BY Fraser Tennant
Austerity measures in the billions is the harsh outlook for Greece in 2016 following its parliament’s approval of a budget steeped in spending cuts, pension reforms, tax rises and a less than favourable GDP growth forecast.
The austerity measures, narrowly approved in the Greek parliament by a margin of eight (153 votes to 145), offer up a stringent €5.7bn in spending cuts, encompassing €1.8bn being seized from pensions and €500m from defence. Additionally, the 2016 budget contains tax increases of around €2bn.
Yet despite these measures, Greek debt is still forecast to grow to €327.6bn in 2016.
Furthermore, in terms of gross domestic product (GDP), the government’s budget plan states an expectation of zero GDP growth in 2015 (compared to the 2.3 percent contraction earlier forecast) and the projection of a 0.7 percent drop in GDP (compared to a 1.3 percent contraction prediction).
“Almost all opposition parties are absorbed with internal issues so the vote process was easy for the government”, observes Dimitris Rapidis, a political analyst and director of the think-tank, Bridging Europe. “The New Democracy party has an upcoming leadership race, the socialists and the communists are out of space, the River party had nothing to offer to the debate, whereas Centrists Union and Golden Dawn are becoming increasingly populist."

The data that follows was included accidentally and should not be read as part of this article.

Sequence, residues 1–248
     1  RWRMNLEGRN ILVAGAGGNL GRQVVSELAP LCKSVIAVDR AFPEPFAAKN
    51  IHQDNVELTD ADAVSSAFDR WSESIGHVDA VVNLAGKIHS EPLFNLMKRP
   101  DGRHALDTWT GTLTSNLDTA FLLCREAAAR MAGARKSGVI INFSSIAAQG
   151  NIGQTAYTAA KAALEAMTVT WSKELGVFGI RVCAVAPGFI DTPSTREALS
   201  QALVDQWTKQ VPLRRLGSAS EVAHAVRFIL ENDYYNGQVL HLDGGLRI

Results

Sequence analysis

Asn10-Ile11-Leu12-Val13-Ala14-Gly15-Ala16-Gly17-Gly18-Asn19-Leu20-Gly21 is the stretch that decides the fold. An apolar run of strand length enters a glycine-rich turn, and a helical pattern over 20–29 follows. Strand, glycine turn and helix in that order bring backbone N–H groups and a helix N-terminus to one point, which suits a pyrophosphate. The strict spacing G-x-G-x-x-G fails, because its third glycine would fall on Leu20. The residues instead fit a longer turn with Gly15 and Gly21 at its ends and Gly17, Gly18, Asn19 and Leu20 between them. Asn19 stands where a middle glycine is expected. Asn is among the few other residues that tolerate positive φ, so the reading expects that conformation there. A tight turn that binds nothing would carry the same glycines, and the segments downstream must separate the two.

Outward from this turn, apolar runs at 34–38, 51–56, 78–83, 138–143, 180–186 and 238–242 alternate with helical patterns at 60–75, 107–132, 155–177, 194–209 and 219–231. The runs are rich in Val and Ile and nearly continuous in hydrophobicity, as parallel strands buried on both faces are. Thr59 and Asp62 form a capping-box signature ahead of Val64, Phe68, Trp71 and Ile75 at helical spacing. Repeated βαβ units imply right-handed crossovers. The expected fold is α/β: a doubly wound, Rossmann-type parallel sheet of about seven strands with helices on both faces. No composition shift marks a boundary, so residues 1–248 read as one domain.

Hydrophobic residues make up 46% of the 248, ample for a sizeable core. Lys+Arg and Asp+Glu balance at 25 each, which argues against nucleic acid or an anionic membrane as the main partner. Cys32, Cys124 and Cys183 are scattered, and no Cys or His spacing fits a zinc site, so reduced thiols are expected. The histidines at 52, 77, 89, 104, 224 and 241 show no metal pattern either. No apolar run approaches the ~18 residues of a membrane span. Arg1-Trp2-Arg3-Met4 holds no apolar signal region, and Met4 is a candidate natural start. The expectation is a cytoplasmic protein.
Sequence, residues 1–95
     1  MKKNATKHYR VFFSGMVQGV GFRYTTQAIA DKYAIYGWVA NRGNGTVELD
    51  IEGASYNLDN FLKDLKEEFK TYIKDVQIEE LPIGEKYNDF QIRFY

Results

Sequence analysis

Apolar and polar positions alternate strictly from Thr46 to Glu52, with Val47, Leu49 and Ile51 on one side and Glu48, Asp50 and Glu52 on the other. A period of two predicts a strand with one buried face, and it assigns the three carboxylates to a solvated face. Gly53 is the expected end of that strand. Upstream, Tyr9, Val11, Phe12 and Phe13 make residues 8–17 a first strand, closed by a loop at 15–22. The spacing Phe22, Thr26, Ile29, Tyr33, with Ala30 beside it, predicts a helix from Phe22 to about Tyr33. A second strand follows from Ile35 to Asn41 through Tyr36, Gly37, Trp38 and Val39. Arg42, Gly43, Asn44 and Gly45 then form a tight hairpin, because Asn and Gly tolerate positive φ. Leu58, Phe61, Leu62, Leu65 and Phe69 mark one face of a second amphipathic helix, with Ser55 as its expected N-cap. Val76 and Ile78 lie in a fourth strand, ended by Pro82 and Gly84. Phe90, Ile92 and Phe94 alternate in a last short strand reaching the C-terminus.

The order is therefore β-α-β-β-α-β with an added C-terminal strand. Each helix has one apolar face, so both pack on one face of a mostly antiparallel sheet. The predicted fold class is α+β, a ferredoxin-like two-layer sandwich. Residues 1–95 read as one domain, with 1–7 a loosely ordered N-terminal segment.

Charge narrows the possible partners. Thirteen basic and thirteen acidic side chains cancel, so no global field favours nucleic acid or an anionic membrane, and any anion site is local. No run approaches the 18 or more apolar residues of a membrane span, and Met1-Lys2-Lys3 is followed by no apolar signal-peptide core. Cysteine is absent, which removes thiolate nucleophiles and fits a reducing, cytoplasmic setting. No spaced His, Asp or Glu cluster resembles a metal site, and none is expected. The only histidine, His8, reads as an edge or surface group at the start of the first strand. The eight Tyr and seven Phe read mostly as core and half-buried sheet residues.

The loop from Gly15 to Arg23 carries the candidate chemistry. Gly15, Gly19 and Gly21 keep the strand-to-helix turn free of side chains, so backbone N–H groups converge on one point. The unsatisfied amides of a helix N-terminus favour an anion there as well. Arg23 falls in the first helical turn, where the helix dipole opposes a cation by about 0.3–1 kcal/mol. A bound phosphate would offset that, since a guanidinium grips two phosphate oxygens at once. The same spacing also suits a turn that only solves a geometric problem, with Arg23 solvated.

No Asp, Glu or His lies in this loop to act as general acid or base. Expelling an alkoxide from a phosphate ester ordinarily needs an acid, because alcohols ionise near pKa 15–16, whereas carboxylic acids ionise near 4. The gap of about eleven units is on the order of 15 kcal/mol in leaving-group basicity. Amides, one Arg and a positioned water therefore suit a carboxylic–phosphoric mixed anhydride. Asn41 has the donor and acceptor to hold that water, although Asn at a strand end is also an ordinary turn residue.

Well aware of his government’s need to make good on previous anti-austerity pledges (as well as satisfying the demands of international lenders), prime minister Alexis Tsipras called the 2016 budget, the first to be put before the Greek parliament by the Syriza-led government, “a difficult task for a government that wants to leave its mark with social justice".
Also featuring in the 2016 budget is detail on the three-year €86bn rescue package, in return for which Athens is requested to pass at least 60 'prior action' bills through parliament (including tax hikes and pension reforms), the government’s privatisation of €50bn of national assets to help pay off its debts, and €25bn in new capital that is required to keep the banking system afloat.
A further budget revelation is the admission that Greece is scheduled to be paying off its creditors for the next 42 years, at least.
Looking back, 2015 has been a turbulent year for Greece, with the Syriza government winning national elections in January and September; a much-derided €86bn EU bailout in July; and the country becoming the first ever developed nation to default on the International Monetary Fund (IMF) in June - and all this against a backdrop of a battered economy, immense pressure from international creditors and the continuing spectre of a ‘Grexit.’
On a more positive note, representatives of the eurozone, the European Central Bank and the International Monetary Fund are in Greece this week to continue talks on the pending reforms of the pension and tax systems, as well as public administration issues.